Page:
November 14, 2019
If you do, you had an awesome childhood! Remember games like Super Mario, Donkey Kong, and (my absolute favorite) Contra? And if you were the younger sibling, chances are you were either Luigi in Super Mario or the dude with the blonde flat top hair for Contra. Does bring back some sweet memories, right?
Video games used to be something that we play during breaks or on weekends. Most of the time my video games would be kept under lock by my parents, and too much of it would end up in some serious grounding. I’m sure plenty can relate!
Over the years we’ve witnessed the evolution of video games by welcoming Game Boy Advance consoles and PlayStations into our homes. Then as we stepped into the digital era, games too, made its way to the online scene. That’s when we learnt about games like Counter-Strike and Dota, where you get to compete with friends or even strangers.
This borderless possibility have changed the way consumers engage with games. It is no longer used as a tool to pass time, but has become a huge part in the lives of many. Today, this mere ‘hobby’, also best known as eSports, has grown in ways unimaginable. If you are serious about gaming, it’s possible to make a living out of it. In fact, you could even be a millionaire.
Unbelievable as it sounds, this article will take you on a journey to see how eSports can rake in the big bucks and how it is possible to turn it into a career.
(Image Source: augray.com)
eSports is huge in today’s world, especially in countries like South Korea, China and the United States. Don’t take our word for it, take a look at the statistics and figures compiled by MoneyPod on a global scale.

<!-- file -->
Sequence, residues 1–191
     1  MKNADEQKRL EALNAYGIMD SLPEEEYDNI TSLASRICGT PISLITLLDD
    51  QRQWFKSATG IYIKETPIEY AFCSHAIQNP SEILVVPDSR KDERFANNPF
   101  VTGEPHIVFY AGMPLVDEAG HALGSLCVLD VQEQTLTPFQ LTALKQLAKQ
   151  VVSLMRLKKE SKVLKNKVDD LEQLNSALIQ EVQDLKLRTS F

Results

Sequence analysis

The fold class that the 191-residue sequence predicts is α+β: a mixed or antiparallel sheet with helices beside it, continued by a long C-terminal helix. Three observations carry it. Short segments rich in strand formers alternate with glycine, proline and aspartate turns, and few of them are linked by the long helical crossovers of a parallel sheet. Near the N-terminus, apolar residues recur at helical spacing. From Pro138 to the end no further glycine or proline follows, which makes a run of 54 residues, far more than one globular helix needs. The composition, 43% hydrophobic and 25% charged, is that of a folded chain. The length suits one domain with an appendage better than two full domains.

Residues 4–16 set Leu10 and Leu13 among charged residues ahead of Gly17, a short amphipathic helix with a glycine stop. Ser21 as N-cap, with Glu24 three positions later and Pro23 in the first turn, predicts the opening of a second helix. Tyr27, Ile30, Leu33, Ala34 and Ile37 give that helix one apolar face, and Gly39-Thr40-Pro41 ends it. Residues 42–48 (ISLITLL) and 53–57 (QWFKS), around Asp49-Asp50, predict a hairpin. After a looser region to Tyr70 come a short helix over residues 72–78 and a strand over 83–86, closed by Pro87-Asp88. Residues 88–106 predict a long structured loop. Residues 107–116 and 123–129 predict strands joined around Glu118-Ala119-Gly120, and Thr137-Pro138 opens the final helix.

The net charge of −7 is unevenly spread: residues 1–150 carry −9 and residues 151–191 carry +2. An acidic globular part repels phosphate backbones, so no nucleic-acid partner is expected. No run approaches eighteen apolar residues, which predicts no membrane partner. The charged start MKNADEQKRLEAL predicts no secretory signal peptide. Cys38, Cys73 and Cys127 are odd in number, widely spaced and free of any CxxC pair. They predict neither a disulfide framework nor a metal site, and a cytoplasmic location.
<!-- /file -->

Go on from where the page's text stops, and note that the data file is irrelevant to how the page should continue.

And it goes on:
… and if you are still not convinced, take a look at what went down during the League of Legends 2019 World Championships late last month.
In case you didn’t know, League of Legends (or better known as LoL) is one of the world’s biggest eSports. This multiplayer online battle arena game draws in as many viewers as the Super Bowl and has just given away a $2.5 million in prize money as well as a 70-pound trophy with a case designed by giant fashion house Louis Vuitton! 😱
But where does Malaysia stand? Are we a nation that recognizes eSports? What is the government’s take on this? Or are our parents even receptive to the idea? Try telling them that you’re about to quit your job to become a full time gamer, and see what their reaction is like! 😂
Since we were curious to know what Malaysians think about this, we carried out quick dipstick surveys in the past two weeks to see what Malaysians think about eSports. Based on the results, it’s clear that Malaysians are on the fence.
Based on that, we probed further. We wanted to know if Malaysians think eSports should be contested as a medal sport in the Olympics. This is in light of the recent announcement where eSports will be a part of the 2019 Southeast Asian (SEA) Games as sanctioned by the International Olympic Committee.
These were the results. 🤔
While gaming has always been popular, the rise of eSports and its potential beyond just our bedrooms comes as something new to many of us.
To better understand the potential and the challenges of eSports in Malaysia, we spoke to one of the country’s popular online gamer, Tan Li Shan or better know by her In-Game-Name (IGN) as @Sugar.T.
This Platinum-ranked League of Legends gamer girl is also the author of “How Big is eSports?”.
In an exclusive interview with CompareHero, she shared some valuable insights into the local gaming arena and made it easy for a non-gamer like me to fathom its mechanics.
So if you’re a noob like me, here’s her very interesting perspective.
Vino: How big is the potential of eSports in Malaysia?